Last night I went to Kings Place to see David Marsh and Nevile Gwynne debate grammar. They both spoke with a certain dry wit, even if they both lost focus at times. I’d read a fair bit of their stuff before, so I didn’t find the evening hugely informative, but it was interesting in any case.
Here I’ll just look at one thing Gwynne said.
He is firmly of the view that everything went wrong in the 1960s, when the teaching of grammar was abolished. This had catastrophic consequences for our language. “When I was eight or nine, everyone knew what a preposition was.” But no longer.
A regular part of his pitch is that good grammar (by his definition) is necessary for thinking, and thinking is necessary for deciding, and deciding is necessary for happiness and society and civilisation itself, all of which are now breaking down because we split our infinitives and don’t know what the genitive case is. And he is very fond of preposterous overgeneralisations and of rose-tinted glasses.
So perhaps I shouldn’t have been surprised when he said it. But I was. And so, from the sound of it, were most of the rest of the audience.
When I was young there was no such thing as suicide.
I didn’t get his next line down entirely, what with the sound of gobs being smacked, but he said the modern explosion of suicide was due to people “not thinking coherently” – a tragic result of their using ‘hopefully’ as a sentence adverb and saying ‘different to’ and such other brain-destroying, life-ruining horrors.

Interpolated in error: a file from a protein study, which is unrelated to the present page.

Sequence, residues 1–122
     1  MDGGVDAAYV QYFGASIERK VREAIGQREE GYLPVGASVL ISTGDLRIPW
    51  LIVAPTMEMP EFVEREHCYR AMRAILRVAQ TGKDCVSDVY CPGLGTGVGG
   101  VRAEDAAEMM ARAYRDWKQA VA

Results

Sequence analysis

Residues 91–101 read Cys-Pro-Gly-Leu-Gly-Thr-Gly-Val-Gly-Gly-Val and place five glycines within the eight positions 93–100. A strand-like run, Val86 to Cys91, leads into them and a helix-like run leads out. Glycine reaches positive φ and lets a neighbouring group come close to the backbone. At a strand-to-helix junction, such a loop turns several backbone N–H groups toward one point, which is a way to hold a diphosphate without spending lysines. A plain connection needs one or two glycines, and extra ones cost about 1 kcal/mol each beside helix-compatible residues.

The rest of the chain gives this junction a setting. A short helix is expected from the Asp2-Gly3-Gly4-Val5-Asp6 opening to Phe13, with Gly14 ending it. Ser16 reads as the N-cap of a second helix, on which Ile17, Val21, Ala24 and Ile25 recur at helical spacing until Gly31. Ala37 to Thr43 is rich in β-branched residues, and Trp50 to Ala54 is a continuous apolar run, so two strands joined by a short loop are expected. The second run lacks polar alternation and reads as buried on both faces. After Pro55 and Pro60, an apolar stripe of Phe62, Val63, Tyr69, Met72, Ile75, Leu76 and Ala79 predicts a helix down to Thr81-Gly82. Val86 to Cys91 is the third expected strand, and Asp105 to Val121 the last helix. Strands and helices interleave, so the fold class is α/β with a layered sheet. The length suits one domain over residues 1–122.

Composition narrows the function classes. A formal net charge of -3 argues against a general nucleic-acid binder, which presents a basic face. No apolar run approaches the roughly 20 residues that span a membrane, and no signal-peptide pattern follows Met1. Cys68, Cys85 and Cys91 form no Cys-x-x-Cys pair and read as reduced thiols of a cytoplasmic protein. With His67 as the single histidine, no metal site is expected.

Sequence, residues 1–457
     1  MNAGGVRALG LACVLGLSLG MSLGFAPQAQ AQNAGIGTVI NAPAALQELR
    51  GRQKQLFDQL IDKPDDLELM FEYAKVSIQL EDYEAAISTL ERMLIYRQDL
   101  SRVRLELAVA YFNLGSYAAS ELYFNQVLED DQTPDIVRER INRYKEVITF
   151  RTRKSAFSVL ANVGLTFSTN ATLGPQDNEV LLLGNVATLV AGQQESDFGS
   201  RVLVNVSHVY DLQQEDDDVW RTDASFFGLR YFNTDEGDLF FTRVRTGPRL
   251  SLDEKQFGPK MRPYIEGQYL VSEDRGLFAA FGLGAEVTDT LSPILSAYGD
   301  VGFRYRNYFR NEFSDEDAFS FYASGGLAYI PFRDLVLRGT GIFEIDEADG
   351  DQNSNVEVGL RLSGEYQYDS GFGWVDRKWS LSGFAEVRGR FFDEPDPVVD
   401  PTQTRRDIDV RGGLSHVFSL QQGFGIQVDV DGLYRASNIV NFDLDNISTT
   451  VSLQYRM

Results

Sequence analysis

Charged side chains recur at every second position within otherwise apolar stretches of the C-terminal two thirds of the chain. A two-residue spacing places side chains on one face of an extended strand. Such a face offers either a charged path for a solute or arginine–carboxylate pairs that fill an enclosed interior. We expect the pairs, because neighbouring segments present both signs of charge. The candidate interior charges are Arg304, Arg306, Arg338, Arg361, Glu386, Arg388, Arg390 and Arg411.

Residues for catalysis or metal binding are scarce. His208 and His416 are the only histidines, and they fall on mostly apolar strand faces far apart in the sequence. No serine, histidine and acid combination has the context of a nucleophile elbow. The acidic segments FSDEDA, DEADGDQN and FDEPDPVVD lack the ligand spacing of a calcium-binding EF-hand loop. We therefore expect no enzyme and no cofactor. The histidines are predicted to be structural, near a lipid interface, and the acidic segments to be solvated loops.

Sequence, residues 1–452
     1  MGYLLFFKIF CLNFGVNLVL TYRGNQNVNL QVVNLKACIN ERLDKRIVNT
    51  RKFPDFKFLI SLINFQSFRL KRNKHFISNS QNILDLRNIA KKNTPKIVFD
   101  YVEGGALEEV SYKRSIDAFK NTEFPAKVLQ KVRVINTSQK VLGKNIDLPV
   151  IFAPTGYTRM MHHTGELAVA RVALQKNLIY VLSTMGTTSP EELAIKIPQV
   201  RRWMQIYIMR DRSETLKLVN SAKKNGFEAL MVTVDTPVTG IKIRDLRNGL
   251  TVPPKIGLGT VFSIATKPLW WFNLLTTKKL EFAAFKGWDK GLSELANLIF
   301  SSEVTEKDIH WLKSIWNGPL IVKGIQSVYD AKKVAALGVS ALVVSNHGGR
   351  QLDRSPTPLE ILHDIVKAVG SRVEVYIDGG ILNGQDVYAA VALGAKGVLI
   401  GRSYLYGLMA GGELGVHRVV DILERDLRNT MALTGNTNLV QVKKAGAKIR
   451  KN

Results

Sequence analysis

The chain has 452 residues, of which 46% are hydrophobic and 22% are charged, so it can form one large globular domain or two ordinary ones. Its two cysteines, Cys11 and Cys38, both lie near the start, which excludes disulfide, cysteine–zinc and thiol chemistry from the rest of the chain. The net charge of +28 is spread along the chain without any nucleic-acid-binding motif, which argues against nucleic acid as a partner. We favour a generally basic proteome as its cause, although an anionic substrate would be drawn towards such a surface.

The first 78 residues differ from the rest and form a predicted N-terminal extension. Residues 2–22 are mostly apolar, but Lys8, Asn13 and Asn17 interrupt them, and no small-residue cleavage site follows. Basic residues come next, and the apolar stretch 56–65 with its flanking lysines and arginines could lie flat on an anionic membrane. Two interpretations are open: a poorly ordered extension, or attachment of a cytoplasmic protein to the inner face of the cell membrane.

I knew he was exaggerating. But what I didn’t know was that he was completely, utterly wrong.
When I got home, it took me about five minutes to find a 2010 paper in the International Journal of Epidemiology called ‘Suicide in England and Wales 1861–2007: a time-trends analysis’, by Kyla Thomas and David Gunnell. The facts are these:
Suicide rates in males steadily increased by 67% from 1861 to reach a peak of 30.3 per 100 000 by 1905. Rates then decreased to 21 per 100 000 in 1917 (during World War I), increasing to reach a second peak of 30.3 per 100 000 in 1934, coinciding with the Great Depression. Subsequent declines were interrupted by small increases in the 1950s and 1980s. The lowest male suicide rate (11.6 per 100 000) was recorded in 2007. In contrast, suicide rates in females increased gradually from 6.0 per 100 000 in 1861, peaking at 11.8 deaths per 100 000 in 1964, with slight declines during the two world wars. The rates steadily declined in subsequent years and the lowest female rate (3.2 per 100 000) was seen in 2007.
Modern grammar teaching coincides with the lowest suicide rates on record.
My objection to Gwynne is not that he is conservative or uncompromising or authoritarian. My objection is that he is ignorant, incompetent and lazy. He literally doesn’t know what he’s talking about. I’ve blogged about him a few times before, and every time I come across him he’s a little bit more wrong.